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Coronavirus threaten livelihoods of Mara residents

It’s with no doubt that tourism is one of the most hit sectors in the country, following the recent ban on international travel due to the raging global Pandemic.
Subsequently, counties that mainly depend on tourism are a crying foul as their levels of income have definitely gone down compromising the rate of development in their respective regions.
Narok County is one of the hardest-hit counties as it draws 80 percent of its local income from the Maasai Mara game reserve that attracts millions of foreigners yearly.
With the astounding wildebeest migration that marks the peak season at the park, which is expected to happen from next month, it is obvious that this year’s event will be quite different because of the Covid-19 pandemic.
Some of the residents who have given their lands for lease to the conservancies are now feeling the heat of Covid-19 as some conservancies rates have been reduced by half.
The Conservancies chairman Francis Ole Nkoitoi lamented that because of the pandemic, the Naboisho and Koyiaki conservancies’ members have already had their lease rates reduced by 50 percent.
He decried that the situation had seriously affected the members who most had taken loans from financial institutions.
“The pandemic came as a surprise to all of us, no one had planned for such hard times. Most of our members had taken bank loans but it is now clear that they cannot service their loans,” said Ole Nkoitoi.
He reiterated that indeed these were hard economic times for the pastoralist community as they do not practice crop farming due to the presence of many wild animals in the area.
“The members receive between Sh7,000 to Sh92, 000 per month depending on the land acreage given to the conservancies, however, this has now been reduced to half thereby affecting their livelihood,” said Ole Nkoitoi.
The chairman is now calling on on well-wishers to give food donations to the thousands of families living in Mara and Siana ward whose way of life has been adversely affected.
Daniel Ole Muli a conservancy representative, also lamented the lack of market for the women who do beading work and sell their products to the tourists who flock to the Maasai Mara.
“Besides getting income from the conservancies, our mothers earn a lot of money from beadwork which they make and sell to the tourists. The youth also gets a lot of money from entertaining the guests with our traditional songs,” said Ole Muli.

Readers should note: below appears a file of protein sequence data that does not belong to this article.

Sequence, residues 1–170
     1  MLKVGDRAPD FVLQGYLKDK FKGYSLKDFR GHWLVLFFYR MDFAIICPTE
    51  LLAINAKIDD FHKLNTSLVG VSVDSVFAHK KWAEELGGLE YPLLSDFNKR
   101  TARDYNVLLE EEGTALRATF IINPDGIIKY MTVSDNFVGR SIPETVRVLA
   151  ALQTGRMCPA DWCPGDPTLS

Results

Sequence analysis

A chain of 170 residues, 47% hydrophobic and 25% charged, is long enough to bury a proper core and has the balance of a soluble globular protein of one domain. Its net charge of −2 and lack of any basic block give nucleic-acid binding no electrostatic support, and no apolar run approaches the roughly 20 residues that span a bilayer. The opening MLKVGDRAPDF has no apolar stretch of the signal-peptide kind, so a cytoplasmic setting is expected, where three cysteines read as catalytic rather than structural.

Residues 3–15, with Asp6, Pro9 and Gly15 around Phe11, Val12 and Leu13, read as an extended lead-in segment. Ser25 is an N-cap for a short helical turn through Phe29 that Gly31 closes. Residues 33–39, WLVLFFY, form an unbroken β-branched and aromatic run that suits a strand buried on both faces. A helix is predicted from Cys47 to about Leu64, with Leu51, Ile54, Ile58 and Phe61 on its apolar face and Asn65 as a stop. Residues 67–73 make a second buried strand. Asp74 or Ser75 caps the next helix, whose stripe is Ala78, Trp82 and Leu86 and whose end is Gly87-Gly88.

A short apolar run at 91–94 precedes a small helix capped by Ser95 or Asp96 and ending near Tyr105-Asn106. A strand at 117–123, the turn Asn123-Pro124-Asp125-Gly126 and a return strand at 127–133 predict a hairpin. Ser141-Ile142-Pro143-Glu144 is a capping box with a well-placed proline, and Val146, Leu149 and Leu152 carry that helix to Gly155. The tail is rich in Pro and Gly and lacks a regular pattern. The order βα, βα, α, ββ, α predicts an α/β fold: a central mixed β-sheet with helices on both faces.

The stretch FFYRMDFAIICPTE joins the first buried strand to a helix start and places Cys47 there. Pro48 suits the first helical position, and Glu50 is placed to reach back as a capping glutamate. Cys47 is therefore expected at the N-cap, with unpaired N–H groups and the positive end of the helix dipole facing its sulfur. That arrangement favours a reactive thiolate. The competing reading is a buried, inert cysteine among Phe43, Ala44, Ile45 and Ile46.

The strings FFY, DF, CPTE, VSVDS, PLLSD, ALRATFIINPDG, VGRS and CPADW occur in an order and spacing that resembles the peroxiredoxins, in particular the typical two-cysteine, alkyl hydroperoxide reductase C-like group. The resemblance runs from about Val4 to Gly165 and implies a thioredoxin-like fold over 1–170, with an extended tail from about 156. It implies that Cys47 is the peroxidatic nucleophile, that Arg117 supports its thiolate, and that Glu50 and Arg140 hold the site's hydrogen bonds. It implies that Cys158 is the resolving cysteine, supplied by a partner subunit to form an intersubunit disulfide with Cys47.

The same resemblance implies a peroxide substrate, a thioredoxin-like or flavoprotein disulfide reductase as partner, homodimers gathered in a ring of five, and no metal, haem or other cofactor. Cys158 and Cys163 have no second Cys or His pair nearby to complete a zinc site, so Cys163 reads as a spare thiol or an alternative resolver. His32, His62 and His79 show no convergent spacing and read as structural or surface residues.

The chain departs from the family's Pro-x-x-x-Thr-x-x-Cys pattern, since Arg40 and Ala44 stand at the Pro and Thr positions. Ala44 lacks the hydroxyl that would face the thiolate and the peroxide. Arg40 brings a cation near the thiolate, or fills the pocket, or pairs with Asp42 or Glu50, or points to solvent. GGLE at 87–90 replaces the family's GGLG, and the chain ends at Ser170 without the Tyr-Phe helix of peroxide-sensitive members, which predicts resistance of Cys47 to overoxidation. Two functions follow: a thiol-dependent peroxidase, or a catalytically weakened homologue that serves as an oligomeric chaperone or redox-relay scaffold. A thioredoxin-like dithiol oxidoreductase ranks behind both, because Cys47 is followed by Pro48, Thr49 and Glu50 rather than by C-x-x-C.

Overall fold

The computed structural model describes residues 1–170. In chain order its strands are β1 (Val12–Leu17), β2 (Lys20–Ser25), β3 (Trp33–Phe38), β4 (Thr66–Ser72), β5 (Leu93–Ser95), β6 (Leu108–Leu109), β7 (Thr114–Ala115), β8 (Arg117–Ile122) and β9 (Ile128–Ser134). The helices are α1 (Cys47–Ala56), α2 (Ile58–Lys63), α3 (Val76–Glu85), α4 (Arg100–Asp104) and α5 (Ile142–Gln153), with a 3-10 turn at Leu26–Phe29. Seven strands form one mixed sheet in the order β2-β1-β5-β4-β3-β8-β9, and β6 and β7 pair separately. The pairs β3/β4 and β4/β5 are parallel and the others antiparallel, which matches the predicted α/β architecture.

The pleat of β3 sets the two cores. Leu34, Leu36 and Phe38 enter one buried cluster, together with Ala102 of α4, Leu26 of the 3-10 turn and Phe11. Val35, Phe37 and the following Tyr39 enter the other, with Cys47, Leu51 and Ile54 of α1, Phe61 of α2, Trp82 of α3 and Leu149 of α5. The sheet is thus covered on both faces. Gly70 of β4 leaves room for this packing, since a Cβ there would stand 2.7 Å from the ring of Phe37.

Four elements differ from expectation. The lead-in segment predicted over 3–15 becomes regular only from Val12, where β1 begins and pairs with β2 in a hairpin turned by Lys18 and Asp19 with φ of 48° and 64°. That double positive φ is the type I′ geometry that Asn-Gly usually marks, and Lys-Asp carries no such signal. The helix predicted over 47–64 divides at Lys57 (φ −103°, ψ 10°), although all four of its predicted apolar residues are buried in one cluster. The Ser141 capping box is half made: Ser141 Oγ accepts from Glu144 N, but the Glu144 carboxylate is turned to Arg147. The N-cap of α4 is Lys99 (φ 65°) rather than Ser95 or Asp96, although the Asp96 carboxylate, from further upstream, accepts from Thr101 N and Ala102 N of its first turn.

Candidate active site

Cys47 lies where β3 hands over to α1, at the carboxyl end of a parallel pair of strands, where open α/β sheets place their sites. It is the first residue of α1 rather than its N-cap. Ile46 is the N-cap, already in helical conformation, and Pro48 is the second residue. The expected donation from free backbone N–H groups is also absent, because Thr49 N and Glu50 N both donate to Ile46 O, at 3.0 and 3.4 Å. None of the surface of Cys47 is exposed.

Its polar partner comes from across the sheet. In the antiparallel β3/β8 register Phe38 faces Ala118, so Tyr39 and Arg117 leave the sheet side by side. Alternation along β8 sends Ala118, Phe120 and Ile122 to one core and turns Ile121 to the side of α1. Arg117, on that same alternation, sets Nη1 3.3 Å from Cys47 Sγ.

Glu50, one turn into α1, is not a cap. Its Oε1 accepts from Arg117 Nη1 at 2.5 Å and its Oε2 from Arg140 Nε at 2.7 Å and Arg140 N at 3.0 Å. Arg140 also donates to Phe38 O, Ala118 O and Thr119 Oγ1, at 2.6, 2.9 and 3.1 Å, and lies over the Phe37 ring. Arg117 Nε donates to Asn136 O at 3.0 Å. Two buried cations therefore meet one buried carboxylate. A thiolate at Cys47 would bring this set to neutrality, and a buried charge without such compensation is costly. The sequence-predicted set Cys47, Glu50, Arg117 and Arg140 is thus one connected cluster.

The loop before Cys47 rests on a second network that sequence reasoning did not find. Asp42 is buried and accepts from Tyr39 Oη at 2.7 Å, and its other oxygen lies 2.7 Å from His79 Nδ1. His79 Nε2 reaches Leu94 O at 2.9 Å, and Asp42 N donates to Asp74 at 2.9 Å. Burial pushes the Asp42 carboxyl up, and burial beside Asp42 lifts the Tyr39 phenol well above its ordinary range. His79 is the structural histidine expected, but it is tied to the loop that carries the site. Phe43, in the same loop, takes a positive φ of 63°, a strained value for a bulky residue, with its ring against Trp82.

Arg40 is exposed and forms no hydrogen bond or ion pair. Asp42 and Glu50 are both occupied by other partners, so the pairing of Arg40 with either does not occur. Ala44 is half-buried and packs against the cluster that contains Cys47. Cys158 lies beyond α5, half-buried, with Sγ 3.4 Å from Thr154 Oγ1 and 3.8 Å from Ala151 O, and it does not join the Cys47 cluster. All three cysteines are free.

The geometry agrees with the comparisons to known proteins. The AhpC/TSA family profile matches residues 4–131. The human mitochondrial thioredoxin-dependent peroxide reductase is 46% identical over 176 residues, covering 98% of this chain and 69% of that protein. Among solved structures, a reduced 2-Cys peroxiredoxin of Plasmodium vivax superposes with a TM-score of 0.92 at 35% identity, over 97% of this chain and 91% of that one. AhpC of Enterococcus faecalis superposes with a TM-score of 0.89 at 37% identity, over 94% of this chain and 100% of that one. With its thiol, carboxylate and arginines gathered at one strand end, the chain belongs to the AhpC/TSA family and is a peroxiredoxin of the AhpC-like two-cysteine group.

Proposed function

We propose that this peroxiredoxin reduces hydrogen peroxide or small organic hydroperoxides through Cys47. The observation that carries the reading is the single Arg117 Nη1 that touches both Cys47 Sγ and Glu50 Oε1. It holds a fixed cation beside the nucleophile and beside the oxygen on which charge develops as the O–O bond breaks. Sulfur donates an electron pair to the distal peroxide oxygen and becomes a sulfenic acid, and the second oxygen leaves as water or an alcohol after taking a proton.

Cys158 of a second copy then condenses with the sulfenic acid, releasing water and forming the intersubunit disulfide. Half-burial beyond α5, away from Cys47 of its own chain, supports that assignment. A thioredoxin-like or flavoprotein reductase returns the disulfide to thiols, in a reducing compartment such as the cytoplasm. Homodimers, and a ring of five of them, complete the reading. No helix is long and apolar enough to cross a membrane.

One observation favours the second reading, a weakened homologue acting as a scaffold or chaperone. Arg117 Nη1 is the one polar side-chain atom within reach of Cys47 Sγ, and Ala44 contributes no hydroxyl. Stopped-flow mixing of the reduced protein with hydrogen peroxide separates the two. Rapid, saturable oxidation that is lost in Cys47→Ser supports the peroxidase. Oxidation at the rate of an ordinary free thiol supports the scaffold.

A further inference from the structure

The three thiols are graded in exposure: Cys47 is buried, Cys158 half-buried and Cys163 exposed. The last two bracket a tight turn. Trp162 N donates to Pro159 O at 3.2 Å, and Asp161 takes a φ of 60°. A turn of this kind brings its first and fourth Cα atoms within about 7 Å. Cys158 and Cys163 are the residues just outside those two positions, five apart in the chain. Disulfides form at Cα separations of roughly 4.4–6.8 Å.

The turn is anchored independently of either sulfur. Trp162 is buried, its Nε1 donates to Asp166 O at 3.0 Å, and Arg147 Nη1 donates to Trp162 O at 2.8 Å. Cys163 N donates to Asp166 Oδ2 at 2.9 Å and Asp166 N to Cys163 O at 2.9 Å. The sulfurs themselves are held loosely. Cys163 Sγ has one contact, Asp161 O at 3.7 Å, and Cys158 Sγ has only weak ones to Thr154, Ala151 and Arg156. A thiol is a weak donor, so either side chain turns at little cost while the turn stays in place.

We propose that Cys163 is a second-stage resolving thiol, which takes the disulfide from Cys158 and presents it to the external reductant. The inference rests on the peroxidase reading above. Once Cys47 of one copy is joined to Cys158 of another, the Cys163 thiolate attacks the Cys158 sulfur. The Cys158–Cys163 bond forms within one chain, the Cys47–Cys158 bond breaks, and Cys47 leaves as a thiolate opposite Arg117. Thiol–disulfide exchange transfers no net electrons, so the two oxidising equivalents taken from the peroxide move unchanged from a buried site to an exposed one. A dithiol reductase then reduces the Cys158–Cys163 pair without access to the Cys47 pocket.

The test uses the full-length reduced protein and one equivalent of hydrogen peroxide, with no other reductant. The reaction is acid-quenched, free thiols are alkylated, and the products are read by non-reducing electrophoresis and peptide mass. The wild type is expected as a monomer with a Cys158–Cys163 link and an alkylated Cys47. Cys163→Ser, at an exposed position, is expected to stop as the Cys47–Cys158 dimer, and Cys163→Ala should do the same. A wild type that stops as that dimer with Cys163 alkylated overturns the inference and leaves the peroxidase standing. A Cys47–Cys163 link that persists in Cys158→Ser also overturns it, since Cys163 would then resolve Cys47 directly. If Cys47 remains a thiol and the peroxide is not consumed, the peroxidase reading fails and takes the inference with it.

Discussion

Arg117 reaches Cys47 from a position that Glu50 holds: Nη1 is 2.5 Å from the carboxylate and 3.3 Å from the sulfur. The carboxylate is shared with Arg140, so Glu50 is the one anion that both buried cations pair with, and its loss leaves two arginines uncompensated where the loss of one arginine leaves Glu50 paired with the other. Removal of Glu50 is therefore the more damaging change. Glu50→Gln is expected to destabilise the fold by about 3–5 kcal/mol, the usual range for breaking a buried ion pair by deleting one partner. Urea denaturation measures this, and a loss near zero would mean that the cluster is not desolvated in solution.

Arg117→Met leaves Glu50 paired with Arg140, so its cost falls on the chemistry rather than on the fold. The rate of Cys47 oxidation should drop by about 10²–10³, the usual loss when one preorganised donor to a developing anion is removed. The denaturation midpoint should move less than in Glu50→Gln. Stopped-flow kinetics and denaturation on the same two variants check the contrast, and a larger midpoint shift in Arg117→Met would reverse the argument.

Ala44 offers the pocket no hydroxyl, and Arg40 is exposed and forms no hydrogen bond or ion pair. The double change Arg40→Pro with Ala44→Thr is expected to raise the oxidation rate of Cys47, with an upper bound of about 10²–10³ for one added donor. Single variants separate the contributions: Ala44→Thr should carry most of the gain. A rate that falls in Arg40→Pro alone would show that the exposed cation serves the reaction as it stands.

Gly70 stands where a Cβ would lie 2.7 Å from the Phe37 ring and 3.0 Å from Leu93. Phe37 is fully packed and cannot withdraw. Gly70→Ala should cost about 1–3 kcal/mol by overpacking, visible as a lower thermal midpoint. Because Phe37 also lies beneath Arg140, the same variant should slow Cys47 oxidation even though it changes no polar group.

Chief Executive Officer (CEO) in charge of Good Hope Sacco Elvis Ololkipai confirmed that a number of conservancy members had taken loans from the financial institution and were having challenges in financing them since the lease money had been reduced by half.
“We will however not list the members with the Credit Reference Bureau (CRB) but instead will give the willing members half the principal amount so as to sustain them during these hard times,” said Ololkipai.
The CEO spoke Thursday when the financial institution gave food donation to the most affected families in Mara ward, where he asked the residents to diversify their investment to avoid incurring total losses in case the one investment fails.
“I advise the Mara residents to invest in Real estate and improve their livestock breeds so that in case one venture fails, they can benefit from another,” he reiterated.
In the current financial year, the county’s budget estimate was Sh. 12.17 billion where a total of Sh3 billion was estimated to come from local revenue.
The county expected to receive a total of Sh. 7.874 billion which is 67 percent of the entire revenue from National equitable share, Sh. 1.3 billion from conditional grants while Sh. 3 billion would come from local revenue.
The famous Maasai Mara Game Reserve located in the West of the county was expected to give Sh. 2.3 billion of the Sh. 3 billion local revenue.
In April, Narok Governor Samuel Tunai hinted of a possibility of the county losing billions of shillings due to the global pandemic as all the hotels in the world-famous game reserve were forced to close their doors due to lack of visitors.
Tunai expressed fear that the county could be forced to adjust its budget as a big percentage of its revenue would be lost.
Nevertheless, Governor Tunai said despite the closure at the Mara, the game rangers would be vigilant in guarding the wildlife and the investor’s property.
“Poachers or thieves who think they can take advantage to harm wildlife or to steal from the deserted facilities should be warned that we have deployed officers to man the park, and they will meet their match,” he warned.
“There is also some advantage because the wild animals will have time to relax away from the presence of many people, vehicles and cameras they meet with every day,” said Tunai.
By Ann Salaton

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